Kenmitsu taisei (a hypothesis about Japanese medieval Buddhism) (顕密体制)
Kenmitsu taisei refers to a hypothesis about a medieval religious theory in Japan, which was proposed by Toshio KURODA, a historian. The theory was proposed under the title 'Development of Kenmitsu System in Medieval Japan' in the book "Medieval Nation and Religion in Japan" (1975) published by Iwanami Shoten, Publishers.
After WWII, medieval Buddhism studies in Japan were led by the theory that old Buddhism, Nanto rokushu (the six sects of Buddhism which flourished in ancient Nara) and Heian nishu (the two sects of Buddhism that flourished in the Heian period: the Tendai and Shingon sects), co-existed separately and exclusively with equal power.
As an alternative, however, KURODA proposed the "kenmitsu taisei" theory built on the term 'kenmitsu' (then, it referred to Buddhism as a whole) found in historical documents.
The kenmitsu taisei theory claims that the authentic religion in medieval Japan, in fact, was kenmitsu Buddhism, which had been integrated under the umbrella of Esoteric Buddhism after the Heian period, and eight old Buddhism sects did not co-exist but formed a competitive order built on the absolute and universal truth of Esoteric Buddhism while sharing as the common foundation the characteristics peculiar to Esoteric Buddhism: prayers for peace of souls and ritualistic faith. The theory continues that there existed the (kenmitsu) system during the medieval periods, whereby old Buddhism temples such as Enryaku-ji Temple established their status as authentic national religion by maintaining the above-mentioned competitive order and forging a bond of relationship with the ruling class in the nation.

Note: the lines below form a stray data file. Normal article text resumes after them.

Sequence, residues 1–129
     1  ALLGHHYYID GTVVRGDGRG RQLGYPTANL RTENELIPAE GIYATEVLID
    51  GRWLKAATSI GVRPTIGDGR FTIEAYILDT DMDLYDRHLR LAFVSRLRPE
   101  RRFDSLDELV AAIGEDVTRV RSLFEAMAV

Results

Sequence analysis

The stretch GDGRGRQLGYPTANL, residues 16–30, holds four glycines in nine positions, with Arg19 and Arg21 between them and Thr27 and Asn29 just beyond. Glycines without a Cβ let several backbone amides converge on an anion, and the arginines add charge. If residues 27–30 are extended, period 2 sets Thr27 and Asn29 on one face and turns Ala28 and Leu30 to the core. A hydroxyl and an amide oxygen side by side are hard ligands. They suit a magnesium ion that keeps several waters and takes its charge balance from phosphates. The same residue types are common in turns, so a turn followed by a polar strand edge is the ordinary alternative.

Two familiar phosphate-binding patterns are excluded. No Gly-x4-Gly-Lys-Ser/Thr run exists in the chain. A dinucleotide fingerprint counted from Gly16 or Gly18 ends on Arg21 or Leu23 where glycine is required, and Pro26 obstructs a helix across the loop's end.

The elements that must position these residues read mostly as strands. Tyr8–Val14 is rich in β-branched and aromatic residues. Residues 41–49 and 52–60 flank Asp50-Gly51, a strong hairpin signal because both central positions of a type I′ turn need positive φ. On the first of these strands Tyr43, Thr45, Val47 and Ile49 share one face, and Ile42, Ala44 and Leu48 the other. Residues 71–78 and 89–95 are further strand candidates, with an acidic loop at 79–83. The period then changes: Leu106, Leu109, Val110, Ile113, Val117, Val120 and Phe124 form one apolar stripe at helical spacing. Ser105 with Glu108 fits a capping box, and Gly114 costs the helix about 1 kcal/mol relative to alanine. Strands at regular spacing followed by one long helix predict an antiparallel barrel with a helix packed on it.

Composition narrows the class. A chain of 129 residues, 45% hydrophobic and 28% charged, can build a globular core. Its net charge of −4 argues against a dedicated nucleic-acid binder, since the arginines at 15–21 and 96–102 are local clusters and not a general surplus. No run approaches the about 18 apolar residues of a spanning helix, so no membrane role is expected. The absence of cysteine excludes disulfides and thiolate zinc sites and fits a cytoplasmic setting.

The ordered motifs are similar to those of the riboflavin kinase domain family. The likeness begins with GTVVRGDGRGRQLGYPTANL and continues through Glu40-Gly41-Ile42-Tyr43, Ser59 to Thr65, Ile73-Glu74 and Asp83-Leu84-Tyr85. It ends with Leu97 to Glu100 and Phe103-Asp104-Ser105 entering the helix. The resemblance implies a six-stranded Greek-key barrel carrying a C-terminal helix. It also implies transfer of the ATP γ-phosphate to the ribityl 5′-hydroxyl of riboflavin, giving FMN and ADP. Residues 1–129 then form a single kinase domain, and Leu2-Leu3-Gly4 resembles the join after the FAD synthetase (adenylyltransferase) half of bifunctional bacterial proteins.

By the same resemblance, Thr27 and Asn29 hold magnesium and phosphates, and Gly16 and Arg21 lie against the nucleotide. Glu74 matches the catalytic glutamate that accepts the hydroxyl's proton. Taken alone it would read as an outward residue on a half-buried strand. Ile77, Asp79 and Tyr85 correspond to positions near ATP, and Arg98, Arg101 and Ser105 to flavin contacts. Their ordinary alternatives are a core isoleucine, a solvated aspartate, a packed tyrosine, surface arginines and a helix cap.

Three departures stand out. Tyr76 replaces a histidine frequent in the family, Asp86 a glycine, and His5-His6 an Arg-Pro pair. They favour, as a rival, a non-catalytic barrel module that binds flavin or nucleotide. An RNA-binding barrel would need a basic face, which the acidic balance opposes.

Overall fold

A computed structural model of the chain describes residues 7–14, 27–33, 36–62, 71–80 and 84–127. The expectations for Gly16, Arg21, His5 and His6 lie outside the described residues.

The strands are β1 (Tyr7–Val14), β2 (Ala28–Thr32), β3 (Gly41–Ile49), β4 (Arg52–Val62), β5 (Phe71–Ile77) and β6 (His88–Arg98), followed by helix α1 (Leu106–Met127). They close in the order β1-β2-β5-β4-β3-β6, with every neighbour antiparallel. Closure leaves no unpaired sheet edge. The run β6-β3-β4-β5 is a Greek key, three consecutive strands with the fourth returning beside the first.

This theory provided a springboard for a shift in views from the belief that medieval Buddhism in Japan was represented by Kamakura New Buddhism (new schools of Japanese Buddhism founded during the Kamakura period), the view prevailing after WWII, to the belief that old Buddhism was the mainstream of medieval Buddhism. Also, this theory provided a new perspective on Buddhism history studies because it discussed Buddhism in a broader framework of political and social history on the assumption of the presence of a state system build on kenmon taisei (the system by which governance was shared among "influential houses" or ruling elites), which was proposed by KURODA.